2. Service Delivery Reform Options
This section of the paper looks at a variety of changes that could be made in the waiver to address the need for the waiver to be a demonstration and to address the cost of the Medi-Cal program. These are options that can be implemented individually or in various combinations.
2-A. Restructuring Delivery Systems into Population-Based Collaborative Networks
As health care reform is contemplated at both the state and federal levels, it will be critical to look at new ways of delivering care, not simply new ways to pay for it. Increased coverage does not automatically equal increased access, particularly if care continues to be provided through the current delivery system. Creating population-based networks can address the inefficiencies in the current system, and help build capacity where it can be most effective. Public hospital systems, and even local governments, in their role as the hub of most local safety nets, offer a vehicle to begin to look at community-specific delivery system reform, generating models that could be supported by federal and state reform efforts. Already, some counties are moving outside of the traditional public hospital focus into integrated systems of care that recognize the value of solid connections with ambulatory care providers (primary and specialty care), the integration of behavioral and acute care, and the collaboration of multiple providers in meeting the needs of a defined population. These efforts could be supported and expanded under a waiver.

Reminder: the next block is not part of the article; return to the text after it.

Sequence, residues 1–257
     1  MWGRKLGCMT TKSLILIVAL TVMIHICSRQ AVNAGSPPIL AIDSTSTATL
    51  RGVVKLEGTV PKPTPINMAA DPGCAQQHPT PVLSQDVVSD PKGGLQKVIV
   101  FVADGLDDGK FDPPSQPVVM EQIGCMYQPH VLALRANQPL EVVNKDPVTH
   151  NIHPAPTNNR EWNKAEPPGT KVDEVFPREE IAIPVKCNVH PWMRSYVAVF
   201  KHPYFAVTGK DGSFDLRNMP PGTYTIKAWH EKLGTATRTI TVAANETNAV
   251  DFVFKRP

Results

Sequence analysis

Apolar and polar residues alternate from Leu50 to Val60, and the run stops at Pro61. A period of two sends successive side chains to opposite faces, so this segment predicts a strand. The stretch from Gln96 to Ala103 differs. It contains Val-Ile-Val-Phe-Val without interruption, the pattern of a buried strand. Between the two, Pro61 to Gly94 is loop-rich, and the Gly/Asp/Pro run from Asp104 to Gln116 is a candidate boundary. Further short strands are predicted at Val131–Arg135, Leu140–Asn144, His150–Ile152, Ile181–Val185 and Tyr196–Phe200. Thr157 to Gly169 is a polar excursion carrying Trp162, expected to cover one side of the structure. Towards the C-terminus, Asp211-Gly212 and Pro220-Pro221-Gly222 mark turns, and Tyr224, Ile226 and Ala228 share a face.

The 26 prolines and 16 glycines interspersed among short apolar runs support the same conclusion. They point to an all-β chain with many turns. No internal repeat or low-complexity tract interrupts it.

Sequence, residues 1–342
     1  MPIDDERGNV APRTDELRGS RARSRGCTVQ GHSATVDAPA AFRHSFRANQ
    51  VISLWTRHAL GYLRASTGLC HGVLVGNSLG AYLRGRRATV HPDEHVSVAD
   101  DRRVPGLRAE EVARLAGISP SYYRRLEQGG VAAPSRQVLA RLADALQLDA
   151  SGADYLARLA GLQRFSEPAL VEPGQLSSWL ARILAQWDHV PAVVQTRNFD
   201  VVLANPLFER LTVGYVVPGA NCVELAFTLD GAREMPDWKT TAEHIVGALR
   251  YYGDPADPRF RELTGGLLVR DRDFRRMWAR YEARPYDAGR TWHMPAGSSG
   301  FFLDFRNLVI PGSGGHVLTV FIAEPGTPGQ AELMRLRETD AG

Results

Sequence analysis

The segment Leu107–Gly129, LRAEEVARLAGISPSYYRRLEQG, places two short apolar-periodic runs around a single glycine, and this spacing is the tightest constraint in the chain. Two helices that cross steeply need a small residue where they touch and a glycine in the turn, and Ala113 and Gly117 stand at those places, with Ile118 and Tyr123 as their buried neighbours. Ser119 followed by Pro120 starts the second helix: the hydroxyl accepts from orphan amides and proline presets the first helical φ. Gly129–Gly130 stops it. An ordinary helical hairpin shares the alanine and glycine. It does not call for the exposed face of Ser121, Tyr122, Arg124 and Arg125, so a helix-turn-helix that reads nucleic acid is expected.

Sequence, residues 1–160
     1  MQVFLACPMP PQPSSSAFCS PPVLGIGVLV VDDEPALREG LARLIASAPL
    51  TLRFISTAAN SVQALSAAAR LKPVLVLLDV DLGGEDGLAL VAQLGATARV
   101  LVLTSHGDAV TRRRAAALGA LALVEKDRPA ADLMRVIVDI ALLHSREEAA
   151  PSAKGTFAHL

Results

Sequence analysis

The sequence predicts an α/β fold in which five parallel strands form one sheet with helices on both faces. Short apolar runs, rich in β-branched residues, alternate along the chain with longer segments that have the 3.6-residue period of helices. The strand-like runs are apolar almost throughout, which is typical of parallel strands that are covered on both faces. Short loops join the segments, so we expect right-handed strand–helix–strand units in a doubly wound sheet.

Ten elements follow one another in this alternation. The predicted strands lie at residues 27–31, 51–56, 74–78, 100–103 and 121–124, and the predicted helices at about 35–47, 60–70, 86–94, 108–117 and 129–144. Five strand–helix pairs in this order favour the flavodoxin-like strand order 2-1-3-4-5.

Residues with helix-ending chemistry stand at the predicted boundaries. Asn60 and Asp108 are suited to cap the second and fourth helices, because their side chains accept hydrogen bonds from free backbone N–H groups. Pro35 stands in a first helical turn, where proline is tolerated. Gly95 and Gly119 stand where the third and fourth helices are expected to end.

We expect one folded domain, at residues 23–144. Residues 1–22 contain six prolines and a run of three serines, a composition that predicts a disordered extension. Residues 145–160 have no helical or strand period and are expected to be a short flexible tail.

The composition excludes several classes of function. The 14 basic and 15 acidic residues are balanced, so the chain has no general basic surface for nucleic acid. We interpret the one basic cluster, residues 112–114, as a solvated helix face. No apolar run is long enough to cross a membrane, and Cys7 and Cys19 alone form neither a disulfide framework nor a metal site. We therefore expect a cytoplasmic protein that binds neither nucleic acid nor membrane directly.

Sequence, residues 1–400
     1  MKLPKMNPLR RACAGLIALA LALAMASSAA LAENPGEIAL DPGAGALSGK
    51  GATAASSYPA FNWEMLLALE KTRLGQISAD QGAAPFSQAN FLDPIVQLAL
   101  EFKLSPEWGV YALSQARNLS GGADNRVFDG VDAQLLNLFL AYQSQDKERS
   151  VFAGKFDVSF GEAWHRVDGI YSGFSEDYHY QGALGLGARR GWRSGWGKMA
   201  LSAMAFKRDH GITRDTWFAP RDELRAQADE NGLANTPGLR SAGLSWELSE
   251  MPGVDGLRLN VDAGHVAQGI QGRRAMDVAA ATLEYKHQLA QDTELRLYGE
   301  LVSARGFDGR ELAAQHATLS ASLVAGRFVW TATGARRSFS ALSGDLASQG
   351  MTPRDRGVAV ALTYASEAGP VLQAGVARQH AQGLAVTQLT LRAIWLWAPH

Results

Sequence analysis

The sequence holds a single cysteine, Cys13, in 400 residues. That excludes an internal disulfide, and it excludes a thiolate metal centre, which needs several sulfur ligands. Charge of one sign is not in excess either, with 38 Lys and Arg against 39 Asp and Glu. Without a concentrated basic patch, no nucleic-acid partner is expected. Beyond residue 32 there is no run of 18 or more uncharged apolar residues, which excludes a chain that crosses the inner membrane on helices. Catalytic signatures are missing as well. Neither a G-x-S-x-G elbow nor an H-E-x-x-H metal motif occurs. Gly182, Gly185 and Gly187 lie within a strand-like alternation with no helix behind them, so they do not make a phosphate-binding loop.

Current Status in California
California counties face a perfect storm of factors related to the delivery of health care services for underserved people:
Counties are obligated through Section 17000 to assure access to health care services for the indigent populations under 200 percent of the FPL, although this obligation is interpreted differently throughout the state;
Some private providers are increasingly unwilling to provide care for the Medi-Cal population;
Public hospitals and clinics are faced with the same increased cost as other providers; and
Counties are increasingly burdened by the escalating reliance on local funding as the payer/provider of last resort for both the growth in the uninsured and what is perceived to be the inability of the state to adequately assure access for the Medi-Cal population.
Despite these challenges, local counties are beginning to develop innovative approaches to delivering care for the medically indigent. These initiatives, if supported, could become “laboratories” to determine cost-effective models to assure access as well as coverage. Some examples include:
San Mateo County has restructured all of its county-funded health care programs (acute care, behavioral health, long-term care, etc.) into one entity to assure maximum integration of effort. The county also has facilitated the development of an innovative
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